I have long been intrigued by the relatively new term STEAM. STEAM – an extension of STEM; suggesting that introducing art to the disciplines of science, technology, engineering and maths will promote creativity, curiosity and innovation.
Let me introduce you to the history of art in the context of STEM. Let’s see how the art of storytelling could be used to communicate building physics in a compelling and memorable way. And let me share my very own project; exploring the world of building physics with my children in a fun and artistic way.
Using art to communicate, memorise and engage in the areas of engineering, maths or science is by far not a recent invention. The world’s history is full of talented individuals and entire cultures that knew what magic occurs when analytical skills and creativity are combined into one.
Visualise Leonardo da Vinci’s Vitruvian Man, demonstrating the proportions of the human body. Is it maths, is it science, it is art? It’s all the above. Da Vinci, described as a polymaths, was an individual whose knowledge, talents and work spanned a significant number of subjects and inspired many generations to come.
Mary Shelly, whose debut novel was Frankenstein, was a woman who was well acquainted with the medical science of her time. In her novel, she narrates the dark side of science – the consequences of an artificially created human. But through her storytelling, she not only illustrates what one day could be achieved by science, she also poses the questions about responsibility, humanity and empathy – some of the key challenges of our century.
Going back even further, researchers have investigated the ability of Australia’s First Nations People to catalogue and remember huge amounts of information, be it about animals, country or the stars. Memories weren’t only highly detailed and accurate but were also passed on for thousands of years. The answer is that knowledge was encoded in songs, dance, story and place, allowing the brain to create easily accessible associations.
All great examples of combining art with STEM. What can we learn and take from these to better communicate and engage with colleagues, peers and clients? How can we use art to create a culture that fosters collaboration, innovative design and critical thinking?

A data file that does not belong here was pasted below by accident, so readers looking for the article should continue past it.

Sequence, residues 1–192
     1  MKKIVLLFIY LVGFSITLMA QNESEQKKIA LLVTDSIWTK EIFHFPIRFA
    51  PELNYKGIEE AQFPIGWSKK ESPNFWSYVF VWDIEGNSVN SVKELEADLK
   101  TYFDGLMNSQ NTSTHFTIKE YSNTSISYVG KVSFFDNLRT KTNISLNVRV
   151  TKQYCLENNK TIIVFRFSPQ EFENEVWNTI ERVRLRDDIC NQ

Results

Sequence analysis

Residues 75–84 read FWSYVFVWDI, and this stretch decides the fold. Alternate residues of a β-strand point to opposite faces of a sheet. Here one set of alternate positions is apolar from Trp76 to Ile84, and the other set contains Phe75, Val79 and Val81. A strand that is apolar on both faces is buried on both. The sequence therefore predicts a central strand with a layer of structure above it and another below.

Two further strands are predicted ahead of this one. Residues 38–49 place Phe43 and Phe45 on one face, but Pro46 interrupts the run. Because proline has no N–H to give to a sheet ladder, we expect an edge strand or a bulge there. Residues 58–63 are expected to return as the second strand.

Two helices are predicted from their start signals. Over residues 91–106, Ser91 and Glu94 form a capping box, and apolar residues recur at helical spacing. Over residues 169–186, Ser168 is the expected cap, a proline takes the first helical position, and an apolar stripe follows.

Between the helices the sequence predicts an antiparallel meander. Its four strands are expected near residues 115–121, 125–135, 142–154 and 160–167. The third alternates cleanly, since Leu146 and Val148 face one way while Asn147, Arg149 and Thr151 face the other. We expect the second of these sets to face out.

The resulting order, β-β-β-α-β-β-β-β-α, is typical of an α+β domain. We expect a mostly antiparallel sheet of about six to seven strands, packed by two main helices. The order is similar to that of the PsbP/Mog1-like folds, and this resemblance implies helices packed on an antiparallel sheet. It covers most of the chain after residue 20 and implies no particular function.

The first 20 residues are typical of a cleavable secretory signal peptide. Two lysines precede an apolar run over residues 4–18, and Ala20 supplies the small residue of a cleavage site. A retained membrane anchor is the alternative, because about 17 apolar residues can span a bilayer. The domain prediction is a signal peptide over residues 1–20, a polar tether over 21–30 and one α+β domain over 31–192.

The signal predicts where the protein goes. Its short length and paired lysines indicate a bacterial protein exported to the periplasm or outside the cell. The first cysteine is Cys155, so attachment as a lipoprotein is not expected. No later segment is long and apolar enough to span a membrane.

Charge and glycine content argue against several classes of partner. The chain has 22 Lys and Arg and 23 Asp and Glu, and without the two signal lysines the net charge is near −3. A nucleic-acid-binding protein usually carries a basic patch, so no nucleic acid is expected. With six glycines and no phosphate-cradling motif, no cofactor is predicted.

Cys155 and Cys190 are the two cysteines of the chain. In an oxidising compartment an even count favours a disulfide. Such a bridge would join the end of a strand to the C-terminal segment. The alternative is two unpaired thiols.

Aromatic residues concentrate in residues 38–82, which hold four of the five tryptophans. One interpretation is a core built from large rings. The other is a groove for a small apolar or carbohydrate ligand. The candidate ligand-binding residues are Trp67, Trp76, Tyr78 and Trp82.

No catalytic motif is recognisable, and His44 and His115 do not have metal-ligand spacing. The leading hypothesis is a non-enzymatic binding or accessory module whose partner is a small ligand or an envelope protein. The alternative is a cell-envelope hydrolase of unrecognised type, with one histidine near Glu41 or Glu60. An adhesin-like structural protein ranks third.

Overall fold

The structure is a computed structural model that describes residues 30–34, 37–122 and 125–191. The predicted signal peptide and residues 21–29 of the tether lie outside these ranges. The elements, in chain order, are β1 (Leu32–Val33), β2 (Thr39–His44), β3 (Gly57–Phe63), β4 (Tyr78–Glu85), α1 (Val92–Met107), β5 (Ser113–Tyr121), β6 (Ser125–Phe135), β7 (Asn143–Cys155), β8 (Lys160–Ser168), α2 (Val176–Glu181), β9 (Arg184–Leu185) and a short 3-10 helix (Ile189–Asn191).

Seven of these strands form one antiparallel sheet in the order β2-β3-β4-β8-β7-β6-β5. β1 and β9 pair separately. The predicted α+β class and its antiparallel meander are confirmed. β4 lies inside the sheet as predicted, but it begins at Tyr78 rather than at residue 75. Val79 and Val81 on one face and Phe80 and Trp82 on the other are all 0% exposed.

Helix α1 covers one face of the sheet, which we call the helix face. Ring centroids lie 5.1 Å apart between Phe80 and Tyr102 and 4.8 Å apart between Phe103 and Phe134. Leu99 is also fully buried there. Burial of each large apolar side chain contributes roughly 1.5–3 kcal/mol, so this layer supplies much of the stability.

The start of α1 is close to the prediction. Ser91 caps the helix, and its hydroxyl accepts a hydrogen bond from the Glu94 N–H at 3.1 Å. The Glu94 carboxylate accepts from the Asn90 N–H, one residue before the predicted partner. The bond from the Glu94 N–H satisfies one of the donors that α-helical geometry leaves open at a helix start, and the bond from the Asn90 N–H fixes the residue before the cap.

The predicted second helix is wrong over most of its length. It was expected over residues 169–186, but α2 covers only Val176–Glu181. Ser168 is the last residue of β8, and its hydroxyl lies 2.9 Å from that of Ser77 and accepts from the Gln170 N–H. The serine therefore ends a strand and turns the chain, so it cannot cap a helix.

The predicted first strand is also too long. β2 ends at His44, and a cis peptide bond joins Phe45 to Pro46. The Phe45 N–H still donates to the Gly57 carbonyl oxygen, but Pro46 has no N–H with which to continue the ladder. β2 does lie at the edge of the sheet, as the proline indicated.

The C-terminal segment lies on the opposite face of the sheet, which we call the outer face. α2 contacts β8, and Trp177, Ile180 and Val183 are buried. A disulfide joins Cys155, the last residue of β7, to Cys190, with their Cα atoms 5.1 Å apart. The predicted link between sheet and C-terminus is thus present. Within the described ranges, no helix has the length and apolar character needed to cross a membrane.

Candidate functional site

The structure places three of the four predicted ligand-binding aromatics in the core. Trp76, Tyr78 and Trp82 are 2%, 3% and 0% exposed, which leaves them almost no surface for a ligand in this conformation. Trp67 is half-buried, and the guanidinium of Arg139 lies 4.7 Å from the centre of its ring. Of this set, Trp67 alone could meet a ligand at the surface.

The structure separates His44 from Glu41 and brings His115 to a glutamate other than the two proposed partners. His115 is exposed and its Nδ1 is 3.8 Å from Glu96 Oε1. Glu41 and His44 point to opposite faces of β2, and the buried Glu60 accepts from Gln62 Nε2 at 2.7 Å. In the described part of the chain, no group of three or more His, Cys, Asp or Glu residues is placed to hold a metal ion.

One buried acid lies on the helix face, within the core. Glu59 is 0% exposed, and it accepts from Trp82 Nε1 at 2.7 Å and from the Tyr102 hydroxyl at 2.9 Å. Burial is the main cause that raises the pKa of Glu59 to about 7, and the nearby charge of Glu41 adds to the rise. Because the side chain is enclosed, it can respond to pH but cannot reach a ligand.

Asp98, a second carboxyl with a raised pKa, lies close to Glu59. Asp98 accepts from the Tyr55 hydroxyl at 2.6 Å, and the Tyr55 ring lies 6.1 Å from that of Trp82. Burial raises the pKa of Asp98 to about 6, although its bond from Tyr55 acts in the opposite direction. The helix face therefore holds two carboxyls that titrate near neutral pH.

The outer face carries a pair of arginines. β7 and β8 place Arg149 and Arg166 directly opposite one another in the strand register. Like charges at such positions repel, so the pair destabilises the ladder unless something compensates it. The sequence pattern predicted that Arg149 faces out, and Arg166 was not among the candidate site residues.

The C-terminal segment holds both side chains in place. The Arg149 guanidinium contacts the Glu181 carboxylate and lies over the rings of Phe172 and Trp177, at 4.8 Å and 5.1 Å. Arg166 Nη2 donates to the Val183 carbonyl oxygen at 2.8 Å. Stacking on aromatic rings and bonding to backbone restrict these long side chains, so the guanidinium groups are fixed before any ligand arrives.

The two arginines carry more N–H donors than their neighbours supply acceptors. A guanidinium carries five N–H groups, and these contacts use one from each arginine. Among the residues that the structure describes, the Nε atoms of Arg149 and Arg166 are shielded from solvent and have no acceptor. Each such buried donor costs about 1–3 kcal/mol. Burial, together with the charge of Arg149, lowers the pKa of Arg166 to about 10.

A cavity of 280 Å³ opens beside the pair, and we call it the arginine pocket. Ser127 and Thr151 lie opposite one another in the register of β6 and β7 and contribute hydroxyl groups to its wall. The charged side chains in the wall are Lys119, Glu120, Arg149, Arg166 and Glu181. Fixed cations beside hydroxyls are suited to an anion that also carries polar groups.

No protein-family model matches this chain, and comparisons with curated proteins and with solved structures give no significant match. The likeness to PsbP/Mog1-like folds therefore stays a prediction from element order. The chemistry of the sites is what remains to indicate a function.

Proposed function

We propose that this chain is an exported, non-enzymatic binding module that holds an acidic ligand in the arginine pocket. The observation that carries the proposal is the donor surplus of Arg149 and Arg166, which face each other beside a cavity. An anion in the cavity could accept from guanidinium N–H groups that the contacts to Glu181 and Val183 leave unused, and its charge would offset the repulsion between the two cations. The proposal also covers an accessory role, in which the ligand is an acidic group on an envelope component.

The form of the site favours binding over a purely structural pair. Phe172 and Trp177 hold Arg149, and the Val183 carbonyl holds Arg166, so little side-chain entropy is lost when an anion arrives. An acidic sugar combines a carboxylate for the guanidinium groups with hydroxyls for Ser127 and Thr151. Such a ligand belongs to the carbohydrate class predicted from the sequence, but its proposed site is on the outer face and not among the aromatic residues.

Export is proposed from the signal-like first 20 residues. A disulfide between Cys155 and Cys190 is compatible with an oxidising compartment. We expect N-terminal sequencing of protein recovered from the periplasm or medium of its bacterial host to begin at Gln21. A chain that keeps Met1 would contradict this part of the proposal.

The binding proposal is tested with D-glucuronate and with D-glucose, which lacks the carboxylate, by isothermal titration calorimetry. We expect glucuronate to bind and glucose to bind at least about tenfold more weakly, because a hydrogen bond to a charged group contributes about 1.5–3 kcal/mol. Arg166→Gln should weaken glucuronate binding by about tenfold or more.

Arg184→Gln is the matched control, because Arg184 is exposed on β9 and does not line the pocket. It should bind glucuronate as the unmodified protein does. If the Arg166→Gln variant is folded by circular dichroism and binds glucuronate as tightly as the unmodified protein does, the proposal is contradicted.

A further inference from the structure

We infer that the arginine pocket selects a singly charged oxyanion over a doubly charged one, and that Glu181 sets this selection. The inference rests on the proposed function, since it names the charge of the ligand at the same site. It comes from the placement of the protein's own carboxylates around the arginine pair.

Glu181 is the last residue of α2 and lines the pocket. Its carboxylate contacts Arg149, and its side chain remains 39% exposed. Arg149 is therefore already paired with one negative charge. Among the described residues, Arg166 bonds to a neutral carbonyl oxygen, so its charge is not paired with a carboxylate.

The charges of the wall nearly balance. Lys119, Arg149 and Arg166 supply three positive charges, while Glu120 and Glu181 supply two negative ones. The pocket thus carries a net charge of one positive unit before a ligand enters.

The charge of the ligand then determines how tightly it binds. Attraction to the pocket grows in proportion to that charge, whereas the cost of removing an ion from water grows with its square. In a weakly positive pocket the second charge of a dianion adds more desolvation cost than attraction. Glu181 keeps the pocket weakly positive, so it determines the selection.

Lockdown Stage 4 and another term of homeschooling – the perfect ground to explore the world of building physics with my children in a fun and artistic way. Undertaking various experiments that explore the laws of heat, moisture, light and sound have allowed me to better understand how they remember, question and learn. I am intrigued by their curiosity and freedom of expression. We certainly had fun, merging their style of exploration and communication with my technical knowledge. Let me share our very first experiment, understanding heat and cold, why different temperatures behave differently and what happens once it all gets messy towards the end.
Exploring heat and cold, we filled a bowl with warm water in which we placed an ice cube with blue food coloring. What would happen? As you can see in the photo, the dye slowly sinks to the ground, making beautiful formations – “like a jelly fish” as my daughter noticed. But why did the colour sink to the ground? Because colour is heavier than water? Simply because it was blue?
Let’s introduce something else to help us answer the question. In a new container filled with cold water, we placed a small bottle filled with hot water and red food colouring. “Look at this, the red colour is rising to the top – why is that?” We agreed that one must be heavier than the other. While the initial suggestion was that blue colour is simply heavier than red, I explained that I had only introduced the colour to visualise the phenomena of warm water being lighter than cold water. And yes, my 7-year-old son correctly recognised that “warm air is also lighter than cold air”.